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Fast Company

Fast Company reporter Mark Wilson spotlights Prof. Ekene Ijeoma’s project, A Counting, which aims to capture audio recordings of the more than 1,300 languages that Americans speak. “The question for A Counting is how we can count to a whole using everyone’s voices to represent,” says Ijeoma, “not just languages, but voices and accents as a way of representing their cultural and ethnic identities.”

Archinect

MIT alumna Angeline Jacques speaks with Archinect reporter Katherine Guimapang about her design for a new conceptual framework for Glacier National Park and her experience entering the workforce during the Covid-19 pandemic. Jacques explains that her MIT thesis “was on the design of National Parks in the age of climate change and spanned geography, landscape, and architecture as disciplines.”

Fast Company

Graduate student Kenyatta McLean speaks with Fast Company reporter Nate Berg about BlackSpace, a non-profit she co-founded that aims to bring communities of color into the urban planning decision-making process. “We know that heritage is such an important part of Black neighborhoods and is something that Black neighborhoods continue to produce and conserve themselves, so we did want to amplify that work,” says McLean. 

The Washington Post

Dean Hashim Sarkis speaks with Washington Post reporter Philip Kennicott about his new book, “The World as an Architectural Project” and the role of architecture in a post-pandemic world. “As architects, we are condemned to optimism,” says Sarkis. “Our field is necessarily about proposing and imaging new things, what the world could be through making a part of it better.”

Boston Globe

Writing for The Boston Globe, Prof. Carlo Ratti explores the importance of public spaces in bringing people together. “Public space is performing its primordial function: revealing fault lines in our society and helping to reconcile them,” writes Ratti. “This is a particularly important activity today, as the growth of digital communication is leading to increased polarization.”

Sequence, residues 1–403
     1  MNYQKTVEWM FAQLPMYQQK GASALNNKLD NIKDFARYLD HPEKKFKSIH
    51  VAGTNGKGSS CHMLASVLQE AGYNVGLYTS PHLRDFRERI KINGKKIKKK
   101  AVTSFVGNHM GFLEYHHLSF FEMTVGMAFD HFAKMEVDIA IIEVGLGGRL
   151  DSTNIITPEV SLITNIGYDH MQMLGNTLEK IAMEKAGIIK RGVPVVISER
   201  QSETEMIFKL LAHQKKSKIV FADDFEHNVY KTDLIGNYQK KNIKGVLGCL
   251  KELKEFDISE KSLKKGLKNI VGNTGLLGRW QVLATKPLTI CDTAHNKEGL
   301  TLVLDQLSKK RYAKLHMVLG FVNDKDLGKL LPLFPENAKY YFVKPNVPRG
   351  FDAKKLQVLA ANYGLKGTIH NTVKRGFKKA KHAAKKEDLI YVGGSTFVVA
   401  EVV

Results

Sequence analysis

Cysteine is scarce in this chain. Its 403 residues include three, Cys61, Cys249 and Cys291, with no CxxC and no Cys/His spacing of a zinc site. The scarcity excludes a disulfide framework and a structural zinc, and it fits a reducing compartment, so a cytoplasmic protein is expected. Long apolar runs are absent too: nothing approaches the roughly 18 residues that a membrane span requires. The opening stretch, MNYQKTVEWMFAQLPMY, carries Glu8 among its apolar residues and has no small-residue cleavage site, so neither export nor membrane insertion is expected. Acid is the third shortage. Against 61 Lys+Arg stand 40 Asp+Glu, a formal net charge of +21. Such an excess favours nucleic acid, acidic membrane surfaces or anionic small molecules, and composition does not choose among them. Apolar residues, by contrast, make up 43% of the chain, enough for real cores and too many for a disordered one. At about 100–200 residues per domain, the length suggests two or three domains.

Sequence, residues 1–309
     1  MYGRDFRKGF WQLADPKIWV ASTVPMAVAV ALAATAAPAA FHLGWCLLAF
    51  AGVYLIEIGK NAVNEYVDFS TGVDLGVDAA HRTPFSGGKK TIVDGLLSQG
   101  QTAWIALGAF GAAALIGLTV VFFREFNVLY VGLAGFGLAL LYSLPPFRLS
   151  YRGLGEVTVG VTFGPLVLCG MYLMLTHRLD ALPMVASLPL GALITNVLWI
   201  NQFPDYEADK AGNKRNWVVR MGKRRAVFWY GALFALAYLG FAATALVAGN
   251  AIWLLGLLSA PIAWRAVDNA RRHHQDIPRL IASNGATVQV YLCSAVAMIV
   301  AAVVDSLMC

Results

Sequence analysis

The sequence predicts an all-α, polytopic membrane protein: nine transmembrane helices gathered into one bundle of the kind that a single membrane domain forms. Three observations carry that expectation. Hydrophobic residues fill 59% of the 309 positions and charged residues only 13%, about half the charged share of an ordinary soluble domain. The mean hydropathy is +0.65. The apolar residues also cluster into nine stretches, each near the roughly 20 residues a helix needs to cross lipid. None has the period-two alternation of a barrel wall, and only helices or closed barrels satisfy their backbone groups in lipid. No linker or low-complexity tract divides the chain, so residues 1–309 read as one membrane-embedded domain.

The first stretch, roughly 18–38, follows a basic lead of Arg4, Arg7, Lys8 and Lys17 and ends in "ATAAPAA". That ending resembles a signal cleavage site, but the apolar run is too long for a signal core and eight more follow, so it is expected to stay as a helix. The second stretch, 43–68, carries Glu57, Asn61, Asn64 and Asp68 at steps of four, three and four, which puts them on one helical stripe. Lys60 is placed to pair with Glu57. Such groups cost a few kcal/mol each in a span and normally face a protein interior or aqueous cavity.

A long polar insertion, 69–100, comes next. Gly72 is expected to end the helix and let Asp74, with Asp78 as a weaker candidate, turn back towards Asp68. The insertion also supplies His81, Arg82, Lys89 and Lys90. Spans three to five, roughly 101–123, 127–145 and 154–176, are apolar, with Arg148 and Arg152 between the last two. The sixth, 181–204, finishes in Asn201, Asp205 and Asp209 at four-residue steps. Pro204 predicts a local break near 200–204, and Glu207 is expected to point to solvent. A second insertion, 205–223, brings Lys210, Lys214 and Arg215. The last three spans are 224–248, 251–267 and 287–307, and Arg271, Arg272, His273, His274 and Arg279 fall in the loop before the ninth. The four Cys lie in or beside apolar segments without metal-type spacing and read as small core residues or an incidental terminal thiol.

TechCrunch

MIT researchers have developed a new way to optimize how soft robots perform certain tasks. It "shrinks drastically the amount of computational overhead required to get good movement results out of soft robots,” writes Darrell Etherington for TechCrunch, “which is a key ingredient in helping make them partial to actually use in real-life applications.”

Gizmodo

Gizmodo reporter Andrew Liszewski writes that CSAIL researchers have developed “a new spray-on ink that can infinitely change colors, designs, and patterns when blasted with different wavelengths of light.”

Fast Company

New tools developed by CSAIL researchers allow users to design a pattern that can be used to 3D print knitted garments, reports Elizabeth Segran for Fast Company. “We’re exciting about how this can be used by everyday, nonexpert knitters,” says graduate student Alexandre Kaspar. “This lets anybody become a designer.”

WHDH 7

7 News spotlights how CSAIL researchers have developed two new software systems that are aimed at allowing anyone to customize and design their own knitted design patterns. “The researchers tested the software by having people with no knitting experience design gloves and hats,” explains 7 News reporter Keke Vencill.

BBC

Graduate student Alexandre Kaspar speaks with BBC Click about two new systems that ease the process of designing and making knitted clothing items. Kaspar explains that the systems allow users to “create building blocks of parts that are being knit.”

TechCrunch

TechCrunch reporter Catherine Shu writes that CSAIL researchers have developed two new systems that enable users to design and customize their own knitted items, no knitting experience required. Shu explains that the researchers want “to make designing and making machine-knitted garments as accessible as 3D printing is now.”

TechCrunch

A sensor developed by MIT researchers could make diagnosing sepsis easier, quicker and more affordable, reports Darrell Etherington for TechCrunch. Etherington explains that the sensor, which “employs microfluidics to detect the presence of key proteins in the blood,” could have “a huge potential impact, as sepsis is one of the leading causes of death in hospitals.”

Boston Globe

Boston Globe reporter Martin Finucane writes that MIT researchers have developed an automated latching system that could enable a fleet of autonomous boats to connect to docking stations and other boats. Finucane explains that in turbulent water, “after a missed first attempt, the system can autonomously adapt, repositioning the roboat and latching.”

Bloomberg News

Bloomberg News spotlights how MIT researchers have developed a fleet of autonomous boats that can automatically latch onto one another. Bloomberg notes that the boats will be able to “transport goods and people, collect trash and assemble into floating stages and bridges.”

Popular Mechanics

Popular Mechanics reporter Daisy Hernandez writes that MIT researchers have developed an autonomous aquatic boat that can target and latch onto one another to form new structures. Hernandez writes that the boats were conceived “as a way to explore new modes of transportation and help improve traffic flow.”